(This is the second in a series regarding probate procedures in Texas)
In California, probate of a will for a simple $1 million estate takes 2 years and costs $23,000 in attorneys’ fees. In Florida, the probate of the same estate takes at least 9 months and costs $30,000.
Then there is Texas, where the same probate takes less than 6 months and costs under $5,000.
Can we get an Amen?
Texas can offer such a great deal because it has a streamlined probate process called Independent Administration. In an Independent Administration, the Executor acts without court supervision.
What Is An Independent Administration in Texas?
An Independent Administration is available if the decedent died leaving a valid will that named a person or entity to serve as an Independent Executor. Including this magic language in the will means that the only action required in court is filing an application for probate, giving notice, appearing for a brief hearing, filing a proof and an oath, and preparing an inventory. Most Independent Executors do not even have to post a bond.
The administration of an estate under an Independent Executor is simple and quick. After being appointed, the Independent Executor settles the estate by gathering assets, paying claims, filing a final tax return and then distributing the remaining assets to the beneficiaries. There is no further court involvement.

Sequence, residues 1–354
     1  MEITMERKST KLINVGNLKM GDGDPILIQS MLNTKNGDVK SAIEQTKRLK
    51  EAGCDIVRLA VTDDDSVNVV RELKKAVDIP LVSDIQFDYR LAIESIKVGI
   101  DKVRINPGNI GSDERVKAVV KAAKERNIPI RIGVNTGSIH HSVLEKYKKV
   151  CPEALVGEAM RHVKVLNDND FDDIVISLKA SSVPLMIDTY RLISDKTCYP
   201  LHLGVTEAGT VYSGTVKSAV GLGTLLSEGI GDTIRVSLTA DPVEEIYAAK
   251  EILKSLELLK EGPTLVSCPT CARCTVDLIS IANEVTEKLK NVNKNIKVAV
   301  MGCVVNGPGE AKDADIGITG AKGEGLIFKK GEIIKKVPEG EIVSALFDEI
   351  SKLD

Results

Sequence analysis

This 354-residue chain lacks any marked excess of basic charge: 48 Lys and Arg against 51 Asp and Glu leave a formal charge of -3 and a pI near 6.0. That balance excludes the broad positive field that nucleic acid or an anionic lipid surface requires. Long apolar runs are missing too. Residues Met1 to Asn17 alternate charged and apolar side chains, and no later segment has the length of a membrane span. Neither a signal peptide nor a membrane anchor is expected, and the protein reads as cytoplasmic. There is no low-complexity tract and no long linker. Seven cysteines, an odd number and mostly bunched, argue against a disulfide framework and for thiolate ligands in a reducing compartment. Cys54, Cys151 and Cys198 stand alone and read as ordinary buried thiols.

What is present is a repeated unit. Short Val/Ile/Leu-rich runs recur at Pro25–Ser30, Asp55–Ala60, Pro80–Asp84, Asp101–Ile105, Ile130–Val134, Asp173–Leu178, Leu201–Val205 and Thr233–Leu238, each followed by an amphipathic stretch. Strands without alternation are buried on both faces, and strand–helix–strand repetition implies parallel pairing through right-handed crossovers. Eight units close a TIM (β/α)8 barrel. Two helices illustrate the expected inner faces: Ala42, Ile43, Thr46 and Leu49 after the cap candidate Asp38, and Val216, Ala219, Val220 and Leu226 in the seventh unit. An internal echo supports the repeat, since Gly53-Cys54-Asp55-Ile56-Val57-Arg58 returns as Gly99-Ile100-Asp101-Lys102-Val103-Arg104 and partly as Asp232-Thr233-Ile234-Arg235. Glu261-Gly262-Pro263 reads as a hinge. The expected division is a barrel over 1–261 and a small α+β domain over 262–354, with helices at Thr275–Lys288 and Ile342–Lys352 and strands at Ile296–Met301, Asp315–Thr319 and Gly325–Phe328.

Comparing Texas, California and Florida Attorney Fees
Now for attorneys’ fees. An Executor can only interact with the Court through an attorney. Because Texas requires so little court involvement, most attorneys have a limited role and therefore can charge a flat fee for filing a simple probate. Texas law requires only that the fee be reasonable. Thus, attorneys’ fees in Texas are set at a competitive rate.
In contrast, an estate executor in California or Florida must work under court supervision and must ask for court approval at every step of the probate. That, in turn, means more attorney involvement. California and Florida have statutes that set attorneys’ fees as a percentage of the probate estate, which can lead to some substantial sums.
To be fair, not all probate estates in Texas are handled on a flat fee basis. Some estates are complex. There may be assets such as timeshares, foreign interests or oil and gas interests that take more time to settle. The administrator may need to contest certain claims. There may be tax issues. Sometimes beneficiaries cause problems. There may be ambiguities in the wording of the will. Occasionally a probate court can be so backlogged that a probate estate cannot be opened quickly and requires more attorney action. When an estate becomes complex, the Independent Executor usually needs the attorney to be more involved. Most attorneys will charge an hourly rate for complex estates.
Probates Are Easier in Texas
The upshot is that most probates in Texas are easier, cheaper and less burdensome than probates in California and Florida. For those lucky Californians and Floridians moving here, it is time to reevaluate your estate planning documents. For Texans, you need to have a will containing the magic language.
Learn more in the remainder of our probate series:
Hammerle Finley Can Help With Your Probate Needs
Virginia Hammerle is an attorney with Hammerle Finley Law Firm whose practice includes probate law, estate planning and contested litigation. To receive her newsletter contact her at firstname.lastname@example.org.